Organizers of the repeal also condemned the legislature for adding an appropriations measure to the new law, which means it cannot be repealed through ballot referendum. It can be repealed through what is known as a “citizen initiative,” which requires signatures from 8 percent of the total vote for Governor. A ballot referendum requires 5 percent. Discussion is underway as to whether to attempt such an initiative for the next election.
The latest “Emergency Managers” law together with the “Right to be Slave Labor” laws that also passed rapidly and largely in secret make clear that Michigan is a model for imposing new governing arrangements that attack the public interest and eliminate the role of the public, whether it be through eliminating elected governments and public participation in debates on legislation, or dismissing referenda, or privatizing public assets, and so forth. The public interest is being depoliticized and public assets destroyed. Nothing is to stand in the way of the private interests of the most powerful monopolies and the state is to guarantee that nothing does.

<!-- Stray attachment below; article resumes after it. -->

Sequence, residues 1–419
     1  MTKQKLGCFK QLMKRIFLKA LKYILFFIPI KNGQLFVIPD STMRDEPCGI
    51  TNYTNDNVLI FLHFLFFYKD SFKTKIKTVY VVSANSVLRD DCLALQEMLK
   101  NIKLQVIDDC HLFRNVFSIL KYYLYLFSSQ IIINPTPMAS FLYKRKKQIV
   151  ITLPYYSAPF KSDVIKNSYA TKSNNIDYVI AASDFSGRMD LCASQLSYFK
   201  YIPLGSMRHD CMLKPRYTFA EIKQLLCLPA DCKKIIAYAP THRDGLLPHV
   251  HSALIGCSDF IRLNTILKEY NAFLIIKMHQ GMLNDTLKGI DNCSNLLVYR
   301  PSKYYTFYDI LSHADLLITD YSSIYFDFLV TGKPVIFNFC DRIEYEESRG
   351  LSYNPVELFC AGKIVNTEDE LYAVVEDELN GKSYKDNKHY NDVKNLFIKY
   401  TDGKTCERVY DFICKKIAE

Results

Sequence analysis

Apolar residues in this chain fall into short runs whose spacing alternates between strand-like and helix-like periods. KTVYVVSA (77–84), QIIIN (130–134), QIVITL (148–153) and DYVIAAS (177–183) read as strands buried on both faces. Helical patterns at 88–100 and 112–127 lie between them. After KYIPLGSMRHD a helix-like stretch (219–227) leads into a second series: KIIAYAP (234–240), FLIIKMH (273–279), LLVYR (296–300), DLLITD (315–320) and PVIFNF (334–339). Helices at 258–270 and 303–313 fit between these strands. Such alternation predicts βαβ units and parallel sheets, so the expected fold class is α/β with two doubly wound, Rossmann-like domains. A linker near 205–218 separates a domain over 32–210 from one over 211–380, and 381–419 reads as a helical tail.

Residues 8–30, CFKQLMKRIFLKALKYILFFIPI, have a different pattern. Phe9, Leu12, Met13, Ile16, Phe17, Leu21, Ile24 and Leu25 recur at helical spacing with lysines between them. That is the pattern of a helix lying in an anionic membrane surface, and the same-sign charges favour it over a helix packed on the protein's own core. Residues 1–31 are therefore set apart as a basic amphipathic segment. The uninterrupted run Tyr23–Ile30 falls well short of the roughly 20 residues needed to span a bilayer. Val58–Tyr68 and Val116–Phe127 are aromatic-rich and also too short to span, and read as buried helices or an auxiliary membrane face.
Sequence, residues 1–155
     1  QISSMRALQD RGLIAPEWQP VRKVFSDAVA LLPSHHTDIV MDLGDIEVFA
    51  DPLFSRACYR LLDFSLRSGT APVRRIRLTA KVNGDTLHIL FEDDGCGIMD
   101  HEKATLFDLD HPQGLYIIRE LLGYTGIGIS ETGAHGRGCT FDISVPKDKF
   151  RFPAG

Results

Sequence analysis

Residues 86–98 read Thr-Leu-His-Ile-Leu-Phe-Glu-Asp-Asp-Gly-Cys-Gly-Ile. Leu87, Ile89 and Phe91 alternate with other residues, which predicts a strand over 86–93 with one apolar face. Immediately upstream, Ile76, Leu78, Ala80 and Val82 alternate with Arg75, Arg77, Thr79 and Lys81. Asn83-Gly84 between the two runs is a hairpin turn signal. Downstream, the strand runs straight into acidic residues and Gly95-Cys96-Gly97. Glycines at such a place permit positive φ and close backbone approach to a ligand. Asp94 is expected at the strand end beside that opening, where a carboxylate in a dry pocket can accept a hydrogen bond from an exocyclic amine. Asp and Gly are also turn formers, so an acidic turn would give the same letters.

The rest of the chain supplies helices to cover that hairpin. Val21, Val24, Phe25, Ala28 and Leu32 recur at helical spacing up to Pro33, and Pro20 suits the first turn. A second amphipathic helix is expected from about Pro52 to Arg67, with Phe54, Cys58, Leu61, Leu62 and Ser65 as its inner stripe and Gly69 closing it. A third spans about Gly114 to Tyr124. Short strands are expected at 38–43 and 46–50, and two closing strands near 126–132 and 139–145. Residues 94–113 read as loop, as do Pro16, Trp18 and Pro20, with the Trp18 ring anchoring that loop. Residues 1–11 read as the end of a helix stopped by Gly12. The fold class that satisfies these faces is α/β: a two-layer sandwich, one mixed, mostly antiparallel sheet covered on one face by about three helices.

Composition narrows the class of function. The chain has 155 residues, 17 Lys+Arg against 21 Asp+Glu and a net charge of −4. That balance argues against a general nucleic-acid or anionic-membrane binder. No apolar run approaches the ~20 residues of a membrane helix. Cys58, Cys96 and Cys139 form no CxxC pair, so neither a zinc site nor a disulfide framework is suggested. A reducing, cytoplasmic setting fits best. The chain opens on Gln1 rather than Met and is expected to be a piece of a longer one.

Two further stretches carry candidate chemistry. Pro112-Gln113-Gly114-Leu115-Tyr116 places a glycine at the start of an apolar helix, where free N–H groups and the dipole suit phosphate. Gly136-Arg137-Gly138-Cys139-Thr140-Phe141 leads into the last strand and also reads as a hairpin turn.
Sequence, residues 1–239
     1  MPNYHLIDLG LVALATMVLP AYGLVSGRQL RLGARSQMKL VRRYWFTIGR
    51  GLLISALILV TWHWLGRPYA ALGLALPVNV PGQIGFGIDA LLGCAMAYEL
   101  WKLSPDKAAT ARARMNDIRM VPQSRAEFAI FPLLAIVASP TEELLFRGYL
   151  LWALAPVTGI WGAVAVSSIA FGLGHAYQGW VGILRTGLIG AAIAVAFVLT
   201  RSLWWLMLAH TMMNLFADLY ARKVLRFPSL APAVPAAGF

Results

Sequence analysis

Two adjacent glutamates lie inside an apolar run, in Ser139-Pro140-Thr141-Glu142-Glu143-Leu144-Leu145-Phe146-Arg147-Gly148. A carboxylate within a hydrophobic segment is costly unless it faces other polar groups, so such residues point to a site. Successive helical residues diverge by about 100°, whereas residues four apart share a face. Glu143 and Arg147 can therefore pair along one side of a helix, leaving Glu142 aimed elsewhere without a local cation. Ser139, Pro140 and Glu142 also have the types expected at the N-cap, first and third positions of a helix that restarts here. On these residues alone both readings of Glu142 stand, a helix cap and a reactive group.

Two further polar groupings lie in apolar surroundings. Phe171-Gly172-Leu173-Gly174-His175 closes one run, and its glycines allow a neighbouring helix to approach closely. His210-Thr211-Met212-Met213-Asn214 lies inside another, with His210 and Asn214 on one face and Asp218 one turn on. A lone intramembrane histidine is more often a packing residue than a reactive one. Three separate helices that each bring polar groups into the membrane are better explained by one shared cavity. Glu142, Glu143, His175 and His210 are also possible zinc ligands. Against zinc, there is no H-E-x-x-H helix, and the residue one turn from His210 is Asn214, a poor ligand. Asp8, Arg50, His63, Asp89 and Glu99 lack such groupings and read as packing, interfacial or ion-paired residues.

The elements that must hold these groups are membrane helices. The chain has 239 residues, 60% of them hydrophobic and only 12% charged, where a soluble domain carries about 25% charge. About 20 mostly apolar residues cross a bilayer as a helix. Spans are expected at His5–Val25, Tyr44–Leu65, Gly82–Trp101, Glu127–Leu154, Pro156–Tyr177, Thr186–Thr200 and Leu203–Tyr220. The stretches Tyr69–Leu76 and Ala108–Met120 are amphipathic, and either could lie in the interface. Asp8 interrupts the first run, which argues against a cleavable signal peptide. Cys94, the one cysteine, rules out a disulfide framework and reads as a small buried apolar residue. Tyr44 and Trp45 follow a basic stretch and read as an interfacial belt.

The most powerful monopolies believe that if the workers in Michigan, known for their resistance and organization, can be broken, so can all others. Broad demonstrations met the passing of these anti-worker laws and further organizing efforts of various kinds are underway. Increasingly there is recognition of the need for broad and organized political opposition by the workers. A new democracy of our own making is required, one that includes bringing forward worker politicians and organizing empowerment councils.